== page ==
Food packaging plays an important role in modern mainstream food systems. While the main function of packaging remains to protect food from pathogens, over centuries, it also acquired other roles. It became an important marketing tool to increase companies’ sales. It also became a product that has to respond to the demand of time-pressed consumers. Packaging brings several benefits, but it also creates several environmental and social negative impacts, leading to the degradation of the ecosystems and to human health’s problem. An extensive literature analysed packaging in different sectors, however a more holistic system study is missing. For this reason, this interdisciplinary research (School of Agriculture & Food Sciences and Business School) applies a system approach to better understand the systemic cause of the food packaging problem. Specifically, system thinking methods, system dynamics modelling and network analysis are utilised to explore the drivers of the use of food packaging in the current growth-driven food economy. For an in-depth investigation, a primary data collection, in the form of semi-structured interviews to experts, has been undertaken. The goal of the empirical data collection is to explore stakeholders’ understanding of processes, causality and feedbacks of the complex system. The results have been used to build confidence in the Causal Loop Diagram, by revising and expanding current knowledge about packaging use in food systems. A quantitative Stock and Flow model will be constructed to simulate the relationships identified and to empirically test a range of policy options that could allow a shift towards a reduction of packaging use in food systems within a degrowth framework (degrowth society). This research contributes to the literature and to policy decisions supporting the benefits of applying system dynamic modelling to understand, explore and manage the leverage points that could shift food systems towards packaging reduction.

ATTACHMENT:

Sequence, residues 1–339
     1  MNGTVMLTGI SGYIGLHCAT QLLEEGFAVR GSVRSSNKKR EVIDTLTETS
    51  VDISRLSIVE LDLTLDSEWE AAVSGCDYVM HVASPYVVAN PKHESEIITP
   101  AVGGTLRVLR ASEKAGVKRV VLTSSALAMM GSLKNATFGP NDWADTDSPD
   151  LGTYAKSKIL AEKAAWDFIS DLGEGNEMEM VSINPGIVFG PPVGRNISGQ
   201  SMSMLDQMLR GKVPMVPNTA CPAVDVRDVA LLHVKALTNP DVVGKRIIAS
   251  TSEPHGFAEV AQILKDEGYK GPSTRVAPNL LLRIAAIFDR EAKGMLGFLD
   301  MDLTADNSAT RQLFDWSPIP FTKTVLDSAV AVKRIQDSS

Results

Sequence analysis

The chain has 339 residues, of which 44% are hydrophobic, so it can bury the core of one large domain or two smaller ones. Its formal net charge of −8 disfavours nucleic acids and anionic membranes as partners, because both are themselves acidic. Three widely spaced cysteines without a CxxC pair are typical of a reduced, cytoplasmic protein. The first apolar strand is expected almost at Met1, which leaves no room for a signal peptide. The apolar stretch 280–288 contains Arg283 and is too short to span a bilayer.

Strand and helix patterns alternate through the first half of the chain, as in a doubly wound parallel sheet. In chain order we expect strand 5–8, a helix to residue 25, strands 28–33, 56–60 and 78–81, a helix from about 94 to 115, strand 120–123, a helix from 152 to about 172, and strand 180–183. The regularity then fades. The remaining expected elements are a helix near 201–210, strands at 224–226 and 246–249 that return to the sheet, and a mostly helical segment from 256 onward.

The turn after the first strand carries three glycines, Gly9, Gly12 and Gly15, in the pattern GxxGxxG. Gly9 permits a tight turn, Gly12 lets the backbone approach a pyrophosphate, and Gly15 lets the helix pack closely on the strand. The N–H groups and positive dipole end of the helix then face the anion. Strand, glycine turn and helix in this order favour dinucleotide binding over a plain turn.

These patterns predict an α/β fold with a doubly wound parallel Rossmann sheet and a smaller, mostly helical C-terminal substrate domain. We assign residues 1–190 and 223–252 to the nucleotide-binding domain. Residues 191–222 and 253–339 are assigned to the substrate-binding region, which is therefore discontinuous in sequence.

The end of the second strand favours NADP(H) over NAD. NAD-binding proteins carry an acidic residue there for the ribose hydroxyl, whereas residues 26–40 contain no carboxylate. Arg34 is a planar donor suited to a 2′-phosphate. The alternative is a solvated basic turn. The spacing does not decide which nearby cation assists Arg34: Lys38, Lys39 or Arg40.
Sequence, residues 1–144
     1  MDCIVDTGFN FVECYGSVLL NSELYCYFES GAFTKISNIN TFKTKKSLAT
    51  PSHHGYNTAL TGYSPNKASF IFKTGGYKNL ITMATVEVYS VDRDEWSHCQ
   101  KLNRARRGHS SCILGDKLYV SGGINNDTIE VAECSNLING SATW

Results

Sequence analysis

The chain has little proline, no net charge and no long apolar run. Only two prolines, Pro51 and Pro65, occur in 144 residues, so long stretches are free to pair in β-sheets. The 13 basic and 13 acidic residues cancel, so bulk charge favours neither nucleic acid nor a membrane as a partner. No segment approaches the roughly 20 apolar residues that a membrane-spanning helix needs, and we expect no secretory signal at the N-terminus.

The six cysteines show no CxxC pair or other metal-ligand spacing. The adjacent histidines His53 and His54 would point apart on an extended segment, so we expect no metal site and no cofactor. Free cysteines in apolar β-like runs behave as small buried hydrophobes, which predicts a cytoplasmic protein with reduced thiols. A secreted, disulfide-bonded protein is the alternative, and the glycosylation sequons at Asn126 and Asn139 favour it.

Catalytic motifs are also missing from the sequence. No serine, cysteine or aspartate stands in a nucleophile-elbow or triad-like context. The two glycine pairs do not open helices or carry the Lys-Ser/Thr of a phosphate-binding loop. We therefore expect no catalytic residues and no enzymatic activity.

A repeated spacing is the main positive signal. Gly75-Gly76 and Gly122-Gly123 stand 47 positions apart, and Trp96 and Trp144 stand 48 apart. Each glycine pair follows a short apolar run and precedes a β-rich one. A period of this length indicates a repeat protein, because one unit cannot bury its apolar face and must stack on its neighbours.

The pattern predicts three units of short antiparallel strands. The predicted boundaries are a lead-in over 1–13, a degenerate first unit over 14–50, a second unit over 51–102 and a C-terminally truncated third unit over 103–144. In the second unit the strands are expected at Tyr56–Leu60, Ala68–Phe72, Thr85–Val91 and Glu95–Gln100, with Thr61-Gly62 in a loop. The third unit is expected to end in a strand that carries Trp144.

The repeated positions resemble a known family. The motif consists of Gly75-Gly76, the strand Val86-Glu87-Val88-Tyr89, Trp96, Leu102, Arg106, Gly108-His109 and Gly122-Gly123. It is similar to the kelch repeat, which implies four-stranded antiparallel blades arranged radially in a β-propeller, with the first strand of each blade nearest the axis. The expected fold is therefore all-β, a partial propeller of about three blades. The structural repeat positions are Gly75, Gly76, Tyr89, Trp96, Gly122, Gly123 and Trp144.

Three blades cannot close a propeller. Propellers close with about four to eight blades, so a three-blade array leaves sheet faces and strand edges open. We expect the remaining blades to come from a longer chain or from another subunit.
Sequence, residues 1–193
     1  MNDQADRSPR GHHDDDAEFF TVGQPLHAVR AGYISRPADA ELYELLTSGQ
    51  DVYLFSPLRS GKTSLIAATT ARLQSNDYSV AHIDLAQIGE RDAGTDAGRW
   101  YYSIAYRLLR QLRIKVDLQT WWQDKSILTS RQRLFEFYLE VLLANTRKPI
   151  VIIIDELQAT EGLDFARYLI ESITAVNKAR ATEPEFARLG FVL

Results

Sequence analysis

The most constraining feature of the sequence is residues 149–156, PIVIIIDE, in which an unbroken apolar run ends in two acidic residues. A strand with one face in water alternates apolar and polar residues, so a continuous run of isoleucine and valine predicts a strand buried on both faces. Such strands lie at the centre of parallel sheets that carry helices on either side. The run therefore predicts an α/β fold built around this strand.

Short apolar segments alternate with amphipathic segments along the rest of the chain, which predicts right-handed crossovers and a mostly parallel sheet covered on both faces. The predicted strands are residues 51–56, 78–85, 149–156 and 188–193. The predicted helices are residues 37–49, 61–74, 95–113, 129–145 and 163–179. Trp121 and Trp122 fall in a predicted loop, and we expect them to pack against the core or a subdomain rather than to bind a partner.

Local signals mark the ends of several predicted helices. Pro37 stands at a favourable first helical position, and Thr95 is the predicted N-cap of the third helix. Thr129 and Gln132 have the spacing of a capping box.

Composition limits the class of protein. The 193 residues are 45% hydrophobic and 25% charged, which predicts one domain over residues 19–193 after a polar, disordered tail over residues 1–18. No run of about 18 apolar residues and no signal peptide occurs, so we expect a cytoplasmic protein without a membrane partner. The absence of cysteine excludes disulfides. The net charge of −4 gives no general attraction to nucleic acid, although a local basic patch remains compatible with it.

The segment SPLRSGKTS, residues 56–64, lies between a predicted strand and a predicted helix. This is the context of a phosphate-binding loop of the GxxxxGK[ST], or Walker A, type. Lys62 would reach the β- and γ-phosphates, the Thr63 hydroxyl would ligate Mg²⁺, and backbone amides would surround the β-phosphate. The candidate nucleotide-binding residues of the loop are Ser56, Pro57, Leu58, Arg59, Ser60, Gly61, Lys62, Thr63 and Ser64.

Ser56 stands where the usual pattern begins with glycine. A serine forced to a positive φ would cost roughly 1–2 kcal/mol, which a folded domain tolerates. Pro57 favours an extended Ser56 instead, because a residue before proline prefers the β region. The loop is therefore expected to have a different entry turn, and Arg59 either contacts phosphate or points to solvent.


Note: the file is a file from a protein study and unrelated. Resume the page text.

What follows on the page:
Project members